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Wildflower Spotlight of the Month

Bird Checklist 

The plant collection of the Botanical Gardens at Asheville is represented by over 600 species that are native to the Southern Appalachians. These include many species of trees, shrubs, wildflowers, vines, grasses and sedges. Habitats vary from the sunny and dry to the shaded and wet, allowing many suitable niches for a wide variety of plants. The Gardens is refuge to over 50 species that are considered uncommon, rare or endangered on a regional, state or federal level. Such species include Oconee Bells (Shortia galacifolia), Swamp Pink (Helonias bullata), Broad-leaved Coreopsis (Coreopsis latifolia), French Broad Heartleaf (Hexastylis rhombiformis) and Pale Yellow Trillium (Trillium discolor). 

April through May is peak for spring blooms throughout much of the Gardens. . During this time, the slopes are covered with thousands of flowers such as Trilliums (Trillium sp.), Spring-beauties (Claytonia sp.), Crested Dwarf Iris (Iris cristata), Green and Gold (Chrysogonum australe), Wild Geranium (Geranium maculatum) and Foamflower (Tiarella cordifolia). (Our spring flush of Trilliums is - honestly - pretty hard to beat.)

Mid-summer through early fall is the second bloom peak and is generally restricted to the sunnier parts of the Gardens. In these areas numerous species can be found but particularly many members of the Aster family such as Joe-pye Weed (Eupatorium fistulosum), Blazing-star (Liatris sp.), Green-headed Coneflower (Rudbeckia lacinata) and Goldenrod (Solidago sp.). If one looks hard enough, one may find something in bloom nearly year-round. Many visitors are surprised to find Witch-hazel (Hamamelis virginiana) flowering in the middle of fall color or Skunk Cabbage (Symplocarpus foetidus) flowering in winter, sometimes through a light blanket of snow. 

Click here to see a Bloom Lists of plants found in the Gardens.

Current trends in the plant collection include boosting diversity of common families that are either taxonomically challenging and/or under-represented in the collection such as Violets (Viola sp.), Sedges (Carex sp.) and members of the Aster family. Another trend, during the past decade, is that the Asheville area has endured consistent mild to severe drought. Thus the horticulture staff is favoring plants more tolerant of hot and dry conditions. The Peyton Rock Outcrop, Ulp Meadow project (found on the creek side of Sycamore Meadow) and the planting of the parking lot expansion all reflect the horticultural response to a changing climate.

An aggressive program to rid the Gardens of exotic and invasive species continues. High priority species for eradication include Oriental Bittersweet (Celastrus orbiculatus), Japanese Honeysuckle (Lonicera japonica), English Ivy (Hedera helix), Periwinkle (Vinca minor) and Japanese Stilt Grass (Microstegium vimineum). Restoration of sites dominated by these species allows for the addition of many more native plants to the collection and helps to protect the biology of the greater region.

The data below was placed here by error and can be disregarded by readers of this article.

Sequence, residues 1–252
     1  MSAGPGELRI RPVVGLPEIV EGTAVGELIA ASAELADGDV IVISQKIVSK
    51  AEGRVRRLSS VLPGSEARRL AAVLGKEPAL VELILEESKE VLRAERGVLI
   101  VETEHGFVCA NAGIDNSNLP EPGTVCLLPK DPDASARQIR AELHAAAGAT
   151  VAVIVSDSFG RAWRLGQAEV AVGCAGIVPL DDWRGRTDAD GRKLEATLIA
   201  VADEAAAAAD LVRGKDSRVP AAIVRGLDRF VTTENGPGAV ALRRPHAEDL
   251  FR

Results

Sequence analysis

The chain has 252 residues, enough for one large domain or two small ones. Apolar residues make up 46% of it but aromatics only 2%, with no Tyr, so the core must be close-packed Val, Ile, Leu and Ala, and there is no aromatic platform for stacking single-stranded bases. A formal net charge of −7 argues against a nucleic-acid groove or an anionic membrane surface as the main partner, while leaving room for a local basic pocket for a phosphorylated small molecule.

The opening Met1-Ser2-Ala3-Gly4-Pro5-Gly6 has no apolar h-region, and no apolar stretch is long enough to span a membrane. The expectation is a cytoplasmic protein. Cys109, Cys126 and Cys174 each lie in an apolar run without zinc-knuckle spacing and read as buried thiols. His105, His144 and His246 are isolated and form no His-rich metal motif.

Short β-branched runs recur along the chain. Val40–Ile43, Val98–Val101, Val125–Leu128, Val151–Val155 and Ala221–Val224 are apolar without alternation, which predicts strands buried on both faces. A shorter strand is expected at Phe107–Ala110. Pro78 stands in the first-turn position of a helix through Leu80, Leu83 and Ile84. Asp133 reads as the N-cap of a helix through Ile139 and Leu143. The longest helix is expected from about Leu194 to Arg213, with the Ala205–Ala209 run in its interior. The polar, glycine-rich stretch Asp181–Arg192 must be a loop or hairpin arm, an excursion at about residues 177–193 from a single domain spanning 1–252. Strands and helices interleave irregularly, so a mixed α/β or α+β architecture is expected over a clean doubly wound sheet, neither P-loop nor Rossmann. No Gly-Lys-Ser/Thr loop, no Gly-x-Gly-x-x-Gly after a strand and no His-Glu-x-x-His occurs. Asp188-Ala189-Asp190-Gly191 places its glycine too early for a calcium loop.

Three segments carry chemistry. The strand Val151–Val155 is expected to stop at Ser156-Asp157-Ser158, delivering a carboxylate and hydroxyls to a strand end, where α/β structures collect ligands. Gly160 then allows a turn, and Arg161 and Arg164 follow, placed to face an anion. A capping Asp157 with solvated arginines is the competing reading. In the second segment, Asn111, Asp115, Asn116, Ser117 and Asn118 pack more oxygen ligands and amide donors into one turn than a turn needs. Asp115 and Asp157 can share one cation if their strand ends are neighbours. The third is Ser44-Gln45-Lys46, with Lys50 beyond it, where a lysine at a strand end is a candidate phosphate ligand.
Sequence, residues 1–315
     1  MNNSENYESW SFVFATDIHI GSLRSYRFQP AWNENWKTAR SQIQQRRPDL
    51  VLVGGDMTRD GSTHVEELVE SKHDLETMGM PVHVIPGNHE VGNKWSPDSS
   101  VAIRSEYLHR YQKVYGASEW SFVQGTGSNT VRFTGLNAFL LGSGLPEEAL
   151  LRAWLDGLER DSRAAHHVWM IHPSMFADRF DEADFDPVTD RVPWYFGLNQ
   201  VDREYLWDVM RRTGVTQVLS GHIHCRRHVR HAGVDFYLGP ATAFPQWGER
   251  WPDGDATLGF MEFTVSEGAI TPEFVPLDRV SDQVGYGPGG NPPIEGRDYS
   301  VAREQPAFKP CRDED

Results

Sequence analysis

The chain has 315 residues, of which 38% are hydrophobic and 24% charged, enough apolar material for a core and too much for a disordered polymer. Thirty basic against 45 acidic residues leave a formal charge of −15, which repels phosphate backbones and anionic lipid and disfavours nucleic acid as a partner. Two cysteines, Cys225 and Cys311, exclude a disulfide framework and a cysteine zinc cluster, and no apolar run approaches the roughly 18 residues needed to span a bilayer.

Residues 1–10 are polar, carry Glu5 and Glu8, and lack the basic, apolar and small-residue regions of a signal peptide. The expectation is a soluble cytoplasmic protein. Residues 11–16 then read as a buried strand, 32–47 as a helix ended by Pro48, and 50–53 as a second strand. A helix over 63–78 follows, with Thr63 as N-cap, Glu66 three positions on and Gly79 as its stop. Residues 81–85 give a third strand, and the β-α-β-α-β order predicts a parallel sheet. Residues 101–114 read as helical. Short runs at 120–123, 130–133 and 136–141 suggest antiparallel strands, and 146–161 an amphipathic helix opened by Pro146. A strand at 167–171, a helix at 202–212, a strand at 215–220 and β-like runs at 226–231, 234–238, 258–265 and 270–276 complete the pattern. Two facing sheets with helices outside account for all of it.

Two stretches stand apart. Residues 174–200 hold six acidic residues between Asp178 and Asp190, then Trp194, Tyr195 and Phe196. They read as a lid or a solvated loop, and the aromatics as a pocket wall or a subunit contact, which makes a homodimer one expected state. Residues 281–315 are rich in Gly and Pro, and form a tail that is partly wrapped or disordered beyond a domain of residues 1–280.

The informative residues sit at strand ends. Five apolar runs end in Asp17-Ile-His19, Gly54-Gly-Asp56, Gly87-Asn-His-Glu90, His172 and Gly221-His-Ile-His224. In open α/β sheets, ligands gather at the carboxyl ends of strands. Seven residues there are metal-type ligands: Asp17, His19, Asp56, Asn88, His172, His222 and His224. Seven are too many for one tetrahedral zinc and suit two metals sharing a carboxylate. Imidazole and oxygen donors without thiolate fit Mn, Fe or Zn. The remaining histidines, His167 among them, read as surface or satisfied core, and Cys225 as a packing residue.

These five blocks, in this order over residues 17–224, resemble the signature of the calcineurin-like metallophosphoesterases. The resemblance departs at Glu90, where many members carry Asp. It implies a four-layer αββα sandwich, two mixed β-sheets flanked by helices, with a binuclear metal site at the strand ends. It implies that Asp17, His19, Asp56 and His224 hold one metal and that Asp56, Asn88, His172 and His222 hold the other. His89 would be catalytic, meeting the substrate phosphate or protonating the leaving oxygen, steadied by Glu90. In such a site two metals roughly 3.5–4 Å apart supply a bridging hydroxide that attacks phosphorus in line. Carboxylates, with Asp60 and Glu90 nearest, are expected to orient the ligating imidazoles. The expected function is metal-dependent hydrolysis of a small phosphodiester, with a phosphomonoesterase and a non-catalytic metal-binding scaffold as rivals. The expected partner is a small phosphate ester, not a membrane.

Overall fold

Within the ten acres that comprise the Gardens, a walking trail forming a half-mile loop leads visitors across bridges spanning streams, through meadows, and over a woodland ridge to a wildflower cove. An authentic “dog trot” cabin and a spring house demonstrate how our ancestors lived, and a lovely gazebo provides shelter in the midst of the Sunshine Meadow. Along the way, strategically placed picnic benches and tables invite visitors to stop for a picnic lunch or to spend some quiet moments listening to the creeks ripple and the birds sing. Please do not bring pets, radios, or sports equipment – help to preserve the serenity for all guests. 

For more information on Native Plants, click here.

The Botanical Gardens at Asheville provides verdant settings for educational programs, weddings, memorials, picnics, and classes such as photography, painting, or plant identification. Tours are available.

Our indoor facilities offer a well-booked library, a lecture room for meetings and programs, and a gift shop stocked with garden-themed items for children and adults alike. The Center housing the Garden Path Gift Shop, open daily, from mid-March through mid-December. The Gardens itself is open every day of the year from dawn to dusk. There is no fee for admission to the Gardens, although donations are always welcome.

Our Visitor and most of our trails are wheel-chair accessible.

Outside and inside spaces can be reserved for meeting and weddings. Guided tours of the Gardens can be arranged.  

Map of the Gardens   | Directions to the Gardens

Wildflowers of the Month